It’s no secret consumers are embracing technology in nearly every aspect of their lives—even healthcare. As it turns out, according to a new study by the University of Rochester not only is telehealth access improving child health both in schools and at home, children are responding positively to it in all manner of settings.
One of the most common childhood health concerns is asthma, with roughly 1-in-10 children experiencing it at some point in their lives.
The wheezing, the struggle for breath, the confusion, they’re all distressing for child and parent alike. But before treatment can begin, which can successfully handle almost all symptoms via preventative medicine in combination with immediate measures, there must be a diagnosis. Minority children and those in other underserved communities largely are not receiving treatment, though this is true to some extent for all groups. This inevitably leads to preventable visits to emergency departments.
The study by the University of Rochester has shown that, through a blend of in-person care from school nurses and telehealth access at home, have better health results. The important factor is whether the child takes their medicine with supervision from a trained healthcare professional. At schools, this is done in the presence of a nurse who can ensure inhalers and other medications are properly administered. At home, though, even with help from a parent or guardian, delivery may be less than best. Telehealth access at home bridges that gap. Over the course of the study, emergency department visits for asthma-related health concerns were reduced by more than half and generally had more symptom-free days. Better, the most common participant in the home aspect of the study were school nurses or the child’s existing primary care provider. This means that established relationships, which are important in fostering trust and medicine regimen compliance, are strengthened.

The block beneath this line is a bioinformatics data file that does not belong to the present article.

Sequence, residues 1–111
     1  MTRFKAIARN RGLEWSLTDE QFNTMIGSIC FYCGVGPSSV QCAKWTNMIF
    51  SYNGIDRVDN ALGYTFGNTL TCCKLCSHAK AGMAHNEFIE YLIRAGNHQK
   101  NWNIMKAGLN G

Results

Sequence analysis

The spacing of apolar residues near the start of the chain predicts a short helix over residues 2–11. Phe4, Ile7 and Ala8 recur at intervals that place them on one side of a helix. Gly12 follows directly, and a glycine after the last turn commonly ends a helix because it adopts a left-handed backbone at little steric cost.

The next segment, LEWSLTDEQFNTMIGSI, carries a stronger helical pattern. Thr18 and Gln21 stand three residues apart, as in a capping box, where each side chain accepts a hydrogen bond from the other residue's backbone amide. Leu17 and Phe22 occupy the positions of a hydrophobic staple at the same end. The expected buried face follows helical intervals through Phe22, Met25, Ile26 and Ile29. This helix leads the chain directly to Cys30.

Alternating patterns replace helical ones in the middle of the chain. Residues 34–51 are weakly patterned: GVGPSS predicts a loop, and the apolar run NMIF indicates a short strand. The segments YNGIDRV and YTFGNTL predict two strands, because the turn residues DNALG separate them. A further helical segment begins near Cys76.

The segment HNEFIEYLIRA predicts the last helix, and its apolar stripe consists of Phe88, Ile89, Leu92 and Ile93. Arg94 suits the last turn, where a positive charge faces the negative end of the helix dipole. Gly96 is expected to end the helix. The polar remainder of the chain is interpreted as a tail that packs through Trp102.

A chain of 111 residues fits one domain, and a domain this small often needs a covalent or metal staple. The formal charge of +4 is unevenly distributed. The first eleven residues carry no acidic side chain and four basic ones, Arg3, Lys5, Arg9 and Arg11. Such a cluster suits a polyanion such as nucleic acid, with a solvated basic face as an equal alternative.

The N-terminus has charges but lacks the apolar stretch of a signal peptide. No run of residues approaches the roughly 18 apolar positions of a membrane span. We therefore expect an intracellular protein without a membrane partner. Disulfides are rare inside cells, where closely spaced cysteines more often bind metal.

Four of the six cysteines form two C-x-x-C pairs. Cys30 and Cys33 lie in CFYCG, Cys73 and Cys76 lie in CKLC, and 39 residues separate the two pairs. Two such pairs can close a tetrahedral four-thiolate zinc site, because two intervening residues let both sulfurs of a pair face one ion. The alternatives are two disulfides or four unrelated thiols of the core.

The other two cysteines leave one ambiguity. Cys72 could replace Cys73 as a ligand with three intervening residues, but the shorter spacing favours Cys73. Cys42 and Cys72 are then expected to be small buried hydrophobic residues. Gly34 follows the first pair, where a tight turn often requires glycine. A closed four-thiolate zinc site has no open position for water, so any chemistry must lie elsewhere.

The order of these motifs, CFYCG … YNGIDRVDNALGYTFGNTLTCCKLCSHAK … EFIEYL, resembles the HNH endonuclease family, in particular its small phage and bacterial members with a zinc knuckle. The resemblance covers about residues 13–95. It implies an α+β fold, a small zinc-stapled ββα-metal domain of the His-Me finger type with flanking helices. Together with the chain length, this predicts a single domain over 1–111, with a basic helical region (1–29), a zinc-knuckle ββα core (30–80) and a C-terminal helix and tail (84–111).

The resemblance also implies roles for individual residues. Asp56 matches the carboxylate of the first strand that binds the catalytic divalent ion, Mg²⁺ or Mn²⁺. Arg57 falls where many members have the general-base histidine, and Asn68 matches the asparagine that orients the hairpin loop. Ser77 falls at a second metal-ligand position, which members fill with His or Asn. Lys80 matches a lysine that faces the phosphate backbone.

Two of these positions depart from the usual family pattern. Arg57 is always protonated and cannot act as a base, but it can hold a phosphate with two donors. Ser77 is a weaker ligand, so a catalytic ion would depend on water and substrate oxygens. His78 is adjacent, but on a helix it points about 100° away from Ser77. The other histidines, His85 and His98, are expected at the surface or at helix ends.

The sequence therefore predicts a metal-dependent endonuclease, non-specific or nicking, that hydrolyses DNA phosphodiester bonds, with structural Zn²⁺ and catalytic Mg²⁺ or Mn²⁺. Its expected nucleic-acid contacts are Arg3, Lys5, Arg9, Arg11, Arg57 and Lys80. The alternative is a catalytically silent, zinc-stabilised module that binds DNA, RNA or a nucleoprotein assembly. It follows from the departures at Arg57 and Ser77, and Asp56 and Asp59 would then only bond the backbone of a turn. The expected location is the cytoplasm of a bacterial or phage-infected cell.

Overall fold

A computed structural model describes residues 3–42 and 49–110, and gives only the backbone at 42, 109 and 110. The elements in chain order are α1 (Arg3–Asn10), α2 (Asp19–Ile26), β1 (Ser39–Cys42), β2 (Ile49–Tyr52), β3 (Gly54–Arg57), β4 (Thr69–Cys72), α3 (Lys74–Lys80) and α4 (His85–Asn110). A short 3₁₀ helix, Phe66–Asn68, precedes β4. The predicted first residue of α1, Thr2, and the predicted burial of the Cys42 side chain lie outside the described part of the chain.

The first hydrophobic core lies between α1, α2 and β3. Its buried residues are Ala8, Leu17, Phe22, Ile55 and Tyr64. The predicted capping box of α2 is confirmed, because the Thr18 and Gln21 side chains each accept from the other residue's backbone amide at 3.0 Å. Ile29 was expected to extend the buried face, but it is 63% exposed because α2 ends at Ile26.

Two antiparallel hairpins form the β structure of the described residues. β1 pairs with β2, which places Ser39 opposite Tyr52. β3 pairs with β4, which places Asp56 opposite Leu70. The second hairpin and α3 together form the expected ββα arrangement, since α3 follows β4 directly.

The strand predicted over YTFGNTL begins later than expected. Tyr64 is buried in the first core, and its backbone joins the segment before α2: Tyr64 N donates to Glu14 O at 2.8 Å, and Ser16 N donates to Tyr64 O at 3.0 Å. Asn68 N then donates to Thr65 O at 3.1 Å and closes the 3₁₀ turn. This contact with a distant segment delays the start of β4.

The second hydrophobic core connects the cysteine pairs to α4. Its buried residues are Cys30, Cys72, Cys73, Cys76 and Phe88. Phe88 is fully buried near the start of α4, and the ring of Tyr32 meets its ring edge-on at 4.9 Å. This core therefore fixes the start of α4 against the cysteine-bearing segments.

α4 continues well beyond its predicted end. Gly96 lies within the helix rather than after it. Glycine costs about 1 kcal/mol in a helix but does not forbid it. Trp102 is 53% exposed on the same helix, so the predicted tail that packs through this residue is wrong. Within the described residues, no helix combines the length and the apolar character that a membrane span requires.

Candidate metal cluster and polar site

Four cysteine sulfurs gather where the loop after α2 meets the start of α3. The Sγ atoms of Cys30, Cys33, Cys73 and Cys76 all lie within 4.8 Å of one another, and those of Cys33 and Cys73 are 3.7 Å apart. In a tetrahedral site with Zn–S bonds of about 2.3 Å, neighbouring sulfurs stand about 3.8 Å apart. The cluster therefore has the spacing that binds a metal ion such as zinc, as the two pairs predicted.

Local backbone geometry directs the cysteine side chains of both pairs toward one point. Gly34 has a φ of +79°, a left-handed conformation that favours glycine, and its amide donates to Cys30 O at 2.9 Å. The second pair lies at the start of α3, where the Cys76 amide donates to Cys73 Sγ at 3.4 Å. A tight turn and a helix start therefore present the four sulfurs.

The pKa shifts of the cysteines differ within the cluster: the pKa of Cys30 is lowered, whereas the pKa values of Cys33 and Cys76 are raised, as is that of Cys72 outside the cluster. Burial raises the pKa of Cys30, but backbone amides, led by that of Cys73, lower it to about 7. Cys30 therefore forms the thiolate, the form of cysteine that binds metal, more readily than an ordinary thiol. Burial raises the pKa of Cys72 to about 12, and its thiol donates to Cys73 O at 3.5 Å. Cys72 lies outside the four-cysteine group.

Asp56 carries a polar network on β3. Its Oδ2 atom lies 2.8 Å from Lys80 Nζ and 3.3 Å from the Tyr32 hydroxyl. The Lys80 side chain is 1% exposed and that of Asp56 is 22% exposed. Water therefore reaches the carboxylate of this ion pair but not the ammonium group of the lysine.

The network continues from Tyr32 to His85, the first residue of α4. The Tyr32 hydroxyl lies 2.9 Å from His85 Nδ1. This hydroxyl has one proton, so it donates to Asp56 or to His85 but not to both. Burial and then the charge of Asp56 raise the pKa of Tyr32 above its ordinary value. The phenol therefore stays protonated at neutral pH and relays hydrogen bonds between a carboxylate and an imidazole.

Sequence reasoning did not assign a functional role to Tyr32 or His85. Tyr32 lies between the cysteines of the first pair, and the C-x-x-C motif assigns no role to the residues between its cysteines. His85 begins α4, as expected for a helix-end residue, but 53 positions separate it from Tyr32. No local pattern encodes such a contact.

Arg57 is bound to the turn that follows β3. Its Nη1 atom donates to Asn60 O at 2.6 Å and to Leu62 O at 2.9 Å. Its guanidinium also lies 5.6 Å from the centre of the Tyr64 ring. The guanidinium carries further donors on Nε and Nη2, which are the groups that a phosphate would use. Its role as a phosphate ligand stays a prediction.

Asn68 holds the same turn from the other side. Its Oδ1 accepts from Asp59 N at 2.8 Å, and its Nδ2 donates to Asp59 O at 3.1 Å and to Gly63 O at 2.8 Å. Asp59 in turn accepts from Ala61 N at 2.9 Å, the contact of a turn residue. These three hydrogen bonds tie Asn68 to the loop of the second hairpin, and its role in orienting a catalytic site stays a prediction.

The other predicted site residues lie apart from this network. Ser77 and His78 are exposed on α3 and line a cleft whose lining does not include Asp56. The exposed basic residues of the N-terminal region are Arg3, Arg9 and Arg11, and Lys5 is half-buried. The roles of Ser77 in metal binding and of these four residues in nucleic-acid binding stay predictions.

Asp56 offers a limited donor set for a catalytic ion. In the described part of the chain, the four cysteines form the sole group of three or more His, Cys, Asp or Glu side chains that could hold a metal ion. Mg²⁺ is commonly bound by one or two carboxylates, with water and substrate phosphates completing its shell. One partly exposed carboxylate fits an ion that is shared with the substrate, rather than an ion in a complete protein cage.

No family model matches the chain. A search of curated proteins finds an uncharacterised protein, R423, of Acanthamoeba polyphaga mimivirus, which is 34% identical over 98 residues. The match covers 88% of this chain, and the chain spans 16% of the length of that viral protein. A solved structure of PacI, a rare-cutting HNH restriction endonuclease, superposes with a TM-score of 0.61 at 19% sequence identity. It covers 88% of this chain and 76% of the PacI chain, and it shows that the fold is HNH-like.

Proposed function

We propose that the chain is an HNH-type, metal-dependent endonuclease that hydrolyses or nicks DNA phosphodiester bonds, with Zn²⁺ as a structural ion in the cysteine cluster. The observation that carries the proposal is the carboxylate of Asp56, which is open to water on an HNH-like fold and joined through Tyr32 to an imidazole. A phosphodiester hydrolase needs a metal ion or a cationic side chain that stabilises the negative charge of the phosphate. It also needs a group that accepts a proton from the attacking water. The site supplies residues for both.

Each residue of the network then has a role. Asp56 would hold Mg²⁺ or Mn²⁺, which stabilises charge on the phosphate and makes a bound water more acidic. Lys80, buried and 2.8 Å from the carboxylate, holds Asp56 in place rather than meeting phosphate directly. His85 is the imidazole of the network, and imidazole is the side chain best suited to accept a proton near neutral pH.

To be direct, with the simple addition of telehealth to existing school nursing practice, kids with asthma were healthier, in school more often, and experienced fewer problems.
More and more hospitals and clinics are already using telehealth in pediatric care, for asthma and everything else, to the point that it is becoming the new normal. Almost two-thirds of parents surveyed indicated not just that they are willing to use telehealth but actually eager to do so. Better, multiple states have already awarded massive grants for pediatric telehealth, especially in “healthcare deserts.” So, in addition to working, pediatric telehealth is increasingly affordable.
Parents, healthcare professionals, and school leaders alike need to be paying attention to telehealth. It’s not the wave of the future. It’s now.
Avizia was acquired by Amwell in July of 2018. Information on this page refers to activities that occurred prior to the acquisition and are presented for historical context. Together we provide a comprehensive acute care offering—a full end-to-end telemedicine solution for health systems and their providers.